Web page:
BOSTON – EMC Corp. continued its private cloud push on Monday unveiling a new virtual storage system that will allow IT admins to pool and share storage resources across multiple data centre sites.
The VPlex appliance, EMC said, will be an integral part of an enterprise’s private cloud. The systems, which can move data between EMC and non-EMC platforms, will be immediately available in two forms: VPlex Local and VPlex Metro.
With VPlex Local, customers can move data within the data centre. It features a single cluster with support for up to 8,000 virtualized storage volumes.
For customers with two data centres located within 100 kilometres of each other, VPlex Metro will enable IT admins to link two VPlex clusters. This system, which will allow companies to synchronize and relocate I/O data between two sites, can help customers with disaster recovery efforts or let them balance workloads as needed.
VPlex will also work with EMC’s Fully Automated Storage Tiering (FAST) system to help build out the virtual storage vision.
Pricing for VPlex Local offering will start off at US$77,000, but it will also be offered via a subscription pricing service starting at US$26,000.
The company unveiled both appliances as it kicked off EMC World 2010 in Boston.
The concept is the storage industry’s equivalent to VMware Inc.’s server virtualization technology, as it turns physical storage arrays into virtual storage arrays. VPlex also features some elements of VMware’s VMotion tool, because admins that have excess storage capacity in one data centre can link to another.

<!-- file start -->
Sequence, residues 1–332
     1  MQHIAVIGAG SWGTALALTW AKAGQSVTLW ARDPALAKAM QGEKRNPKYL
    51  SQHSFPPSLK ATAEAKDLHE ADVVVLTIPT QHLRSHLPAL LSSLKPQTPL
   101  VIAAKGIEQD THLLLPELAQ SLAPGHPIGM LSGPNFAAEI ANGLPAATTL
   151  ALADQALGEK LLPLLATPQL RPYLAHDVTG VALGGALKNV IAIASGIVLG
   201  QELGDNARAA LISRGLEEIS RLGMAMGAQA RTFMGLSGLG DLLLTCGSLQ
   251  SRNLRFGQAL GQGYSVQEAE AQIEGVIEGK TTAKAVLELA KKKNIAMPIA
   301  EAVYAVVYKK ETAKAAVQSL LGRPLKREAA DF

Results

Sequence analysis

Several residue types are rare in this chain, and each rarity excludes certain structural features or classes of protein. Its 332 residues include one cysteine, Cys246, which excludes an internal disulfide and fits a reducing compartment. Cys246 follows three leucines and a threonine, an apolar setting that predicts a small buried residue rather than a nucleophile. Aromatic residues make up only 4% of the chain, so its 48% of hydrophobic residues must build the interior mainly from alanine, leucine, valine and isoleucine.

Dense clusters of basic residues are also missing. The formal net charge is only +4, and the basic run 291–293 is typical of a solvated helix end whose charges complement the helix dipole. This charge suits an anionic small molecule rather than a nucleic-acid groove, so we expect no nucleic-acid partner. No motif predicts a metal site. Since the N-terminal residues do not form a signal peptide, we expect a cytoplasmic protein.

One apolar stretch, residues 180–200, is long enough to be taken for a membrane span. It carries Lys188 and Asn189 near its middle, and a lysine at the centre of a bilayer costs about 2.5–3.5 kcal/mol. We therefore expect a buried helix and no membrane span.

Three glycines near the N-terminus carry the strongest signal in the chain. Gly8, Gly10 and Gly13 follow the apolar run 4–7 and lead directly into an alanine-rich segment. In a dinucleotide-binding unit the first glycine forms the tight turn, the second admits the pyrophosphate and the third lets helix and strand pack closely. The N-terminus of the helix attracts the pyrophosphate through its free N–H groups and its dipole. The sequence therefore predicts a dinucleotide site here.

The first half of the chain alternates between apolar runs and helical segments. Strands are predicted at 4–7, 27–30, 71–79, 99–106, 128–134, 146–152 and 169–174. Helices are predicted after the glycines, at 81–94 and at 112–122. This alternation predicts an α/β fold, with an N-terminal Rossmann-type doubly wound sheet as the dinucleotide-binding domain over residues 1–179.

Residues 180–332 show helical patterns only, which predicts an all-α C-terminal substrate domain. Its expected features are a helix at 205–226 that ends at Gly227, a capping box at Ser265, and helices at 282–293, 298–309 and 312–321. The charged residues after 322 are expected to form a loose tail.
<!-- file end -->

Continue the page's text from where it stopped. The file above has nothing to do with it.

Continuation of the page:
Pat Gelsinger, president and COO of EMC’s Information Infrastructure Products division, said that while organizations can move virtualized servers over great distances today, the same isn’t true about terabytes of storage. With VPlex, he said, companies can move vast quantities of stored information across data centres.
“This will fundamentally enable new models of computing,” he said.
In addition to Monday’s launch announcement, EMC also unveiled plans to release two more versions of VPlex by 2011. VPlex Geo will allow customers to asynchronously federate storage clusters and move data across continental distances, while VPlex Global will enable distributed data access both synchronous or asynchronous across the entire globe.
Brian Gallagher, president of EMC’s storage virtualization product, said the move to the private cloud is a journey. He also stressed that the future VPlex updates will eventually enable companies to link smaller data centres around the world into one single, cloud-based IT infrastructure.
In addition to the disaster recovery and more balanced workload use cases, companies moving toward the globally linked private cloud could also schedule batch processes in data centres with lower energy costs.
CEO Joe Tucci said the technology will be a “game-changer” for the industry and will push companies on the fence to explore the private cloud option.
“The key to make this work is the federation of resources,” he said.
Tucci added that tomorrow’s IT shops will rely on a tightly integrated private cloud working with a smattering of public clouds. Technologies such as VPlex, he said, will be the key to helping build out the private cloud side of things.
The systems support companies using VMWare, Microsoft Hyper-V, Oracle and Red Hat Linux virtual machines. The only limitation is the systems only support block-based data replication, as opposed to file or object-based storage devices.